Americans know a lot about Defense Secretary Robert Gates, most significantly that he has served admirably under two polar-opposite presidents and that he is retiring at the end of this week, to be replaced by CIA Director Leon Panetta. It’s also well-known that Gates served as president of Texas A&M University and earlier as CIA director under President George H.W. Bush.
But what many people might not know is that Gates has strong ties to Washington state. According to The Seattle Times, Gates and his wife, Rebecca, and their two children moved in 1994 to a lakefront home on Big Lake near Mount Vernon in Skagit County. Son Bradley graduated from Washington State University in Pullman. The Times reported in 2006: “While living in Skagit County, Gates made several donations to the local Big Lake Elementary School. His gifts — which he later acknowledged — were made anonymously, until he stepped forward in 2001 to offer $20,000 in matching donations … to build a new playground.” And according to a recent editorial in The Herald of Everett, Gates will retire to that lakefront home.
To our state, Gates brings a legacy as one of America’s most even-tempered, rational and powerful national-security experts in the past several decades. He has consistently operated beyond the political constraints that bind less-resolute public servants inside the Beltway. You think you’ve experienced tough managerial changes at your job? It’s doubtful many workers have labored under leaders as radically different as President George W. Bush and President Barack Obama.
It might not have been easy for Gates to leave a comfortable presidency at Texas A&M and answer the younger Bush’s call to serve as defense secretary. And it might not have been easy for the low-keyed, studious Gates to work in the shadow of what The Herald called “the arrogant, bombastic tenure of his predecessor, Donald Rumsfeld.”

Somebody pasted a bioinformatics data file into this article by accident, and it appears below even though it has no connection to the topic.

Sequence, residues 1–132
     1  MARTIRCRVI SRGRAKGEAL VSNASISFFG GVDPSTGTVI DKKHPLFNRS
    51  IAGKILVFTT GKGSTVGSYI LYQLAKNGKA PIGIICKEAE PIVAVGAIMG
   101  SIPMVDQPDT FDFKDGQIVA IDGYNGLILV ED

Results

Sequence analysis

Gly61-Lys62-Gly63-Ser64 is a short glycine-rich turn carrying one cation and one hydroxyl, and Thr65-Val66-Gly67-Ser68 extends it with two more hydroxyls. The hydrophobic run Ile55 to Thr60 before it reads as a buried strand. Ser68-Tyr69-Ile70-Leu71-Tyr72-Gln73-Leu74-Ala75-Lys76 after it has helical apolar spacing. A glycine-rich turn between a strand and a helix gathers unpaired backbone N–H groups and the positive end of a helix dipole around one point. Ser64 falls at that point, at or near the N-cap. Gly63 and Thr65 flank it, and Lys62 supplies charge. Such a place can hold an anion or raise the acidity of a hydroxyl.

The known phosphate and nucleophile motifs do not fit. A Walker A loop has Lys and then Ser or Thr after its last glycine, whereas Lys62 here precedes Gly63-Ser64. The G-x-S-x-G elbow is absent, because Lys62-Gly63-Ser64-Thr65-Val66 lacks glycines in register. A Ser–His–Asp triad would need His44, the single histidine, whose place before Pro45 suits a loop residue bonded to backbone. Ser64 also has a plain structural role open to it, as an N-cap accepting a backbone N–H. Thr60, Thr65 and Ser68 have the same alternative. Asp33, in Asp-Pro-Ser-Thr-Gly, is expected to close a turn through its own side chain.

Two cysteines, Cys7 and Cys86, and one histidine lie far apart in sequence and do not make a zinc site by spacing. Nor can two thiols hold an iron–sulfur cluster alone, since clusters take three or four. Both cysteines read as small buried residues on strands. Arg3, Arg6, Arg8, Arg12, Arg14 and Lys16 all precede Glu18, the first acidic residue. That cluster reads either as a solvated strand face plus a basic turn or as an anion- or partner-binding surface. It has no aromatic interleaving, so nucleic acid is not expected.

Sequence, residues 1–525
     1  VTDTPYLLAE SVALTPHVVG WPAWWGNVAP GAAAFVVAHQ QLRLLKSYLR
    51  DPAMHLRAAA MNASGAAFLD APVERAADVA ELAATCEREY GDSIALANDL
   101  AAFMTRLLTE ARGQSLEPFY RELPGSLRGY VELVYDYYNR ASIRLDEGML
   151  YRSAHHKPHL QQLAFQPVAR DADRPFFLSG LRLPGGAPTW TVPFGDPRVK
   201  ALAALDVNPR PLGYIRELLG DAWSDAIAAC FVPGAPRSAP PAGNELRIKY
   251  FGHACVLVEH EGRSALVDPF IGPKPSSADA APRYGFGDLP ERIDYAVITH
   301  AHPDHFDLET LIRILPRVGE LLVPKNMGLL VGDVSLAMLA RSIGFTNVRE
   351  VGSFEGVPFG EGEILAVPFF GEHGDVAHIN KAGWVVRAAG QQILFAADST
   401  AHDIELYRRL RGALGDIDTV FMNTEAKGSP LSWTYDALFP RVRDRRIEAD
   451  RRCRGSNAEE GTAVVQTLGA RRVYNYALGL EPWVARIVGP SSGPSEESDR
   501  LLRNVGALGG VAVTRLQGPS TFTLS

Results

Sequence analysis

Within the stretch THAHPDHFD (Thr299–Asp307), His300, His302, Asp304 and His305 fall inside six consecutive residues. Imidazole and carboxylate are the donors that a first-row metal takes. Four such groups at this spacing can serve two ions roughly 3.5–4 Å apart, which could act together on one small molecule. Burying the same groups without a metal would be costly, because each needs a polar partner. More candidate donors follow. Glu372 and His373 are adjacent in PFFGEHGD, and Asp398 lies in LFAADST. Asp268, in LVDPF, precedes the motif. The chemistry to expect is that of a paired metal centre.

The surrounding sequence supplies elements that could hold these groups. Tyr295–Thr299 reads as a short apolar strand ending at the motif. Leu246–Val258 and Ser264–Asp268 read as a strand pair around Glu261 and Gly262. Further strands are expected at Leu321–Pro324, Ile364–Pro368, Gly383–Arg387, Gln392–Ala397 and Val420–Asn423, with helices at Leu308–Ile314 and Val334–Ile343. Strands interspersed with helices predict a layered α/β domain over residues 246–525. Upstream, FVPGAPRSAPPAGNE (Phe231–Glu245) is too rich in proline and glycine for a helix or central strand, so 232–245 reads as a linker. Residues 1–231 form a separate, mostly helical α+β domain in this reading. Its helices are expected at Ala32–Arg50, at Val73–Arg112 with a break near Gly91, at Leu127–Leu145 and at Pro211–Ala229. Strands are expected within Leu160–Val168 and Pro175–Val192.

But Robert Gates is not a man of mights or maybes. We learned that this year when he told Army cadets at West Point: “In my opinion, any future defense secretary who advises the president to again send a big American land army into Asia or into the Middle East or Africa should ‘have his head examined,’ as General MacArthur so delicately put it.”
We were reminded recently that Gates is not a man of mights or maybes when he spoke at NATO headquarters in Brussels. He said that if NATO doesn’t pick up the pace on meeting its obligations, there will be “the real possibility for a dim, if not dismal future for the transatlantic alliance.”
To be sure, Gates is retiring with no abundance of admiration for NATO, as he boldly described NATO’s air operations in Libya: “We have the spectacle of an air operations center (in Italy), designed to handle more than 300 sorties a day, struggling to launch about 150. Furthermore, the mightiest military alliance in history is only 11 weeks into an operation against a poorly armed regime in a sparsely populated country, yet many allies are beginning to run short of munitions, requiring the U.S., once more, to make up the difference.”
Obviously, Gates is tired of his United States’ playing the role of global police chief: “The blunt reality is that there will be dwindling appetite and patience in the U.S. Congress — and in the American body politic writ large — to expend increasingly precious funds on behalf of nations that are apparently unwilling to devote the necessary resources or make the necessary changes to be serious and capable partners in their own defense.”
With Gates demonstrating such clear common sense, we wish he were continuing as defense secretary. But we’re glad to have him joining us here in the Pacific Northwest.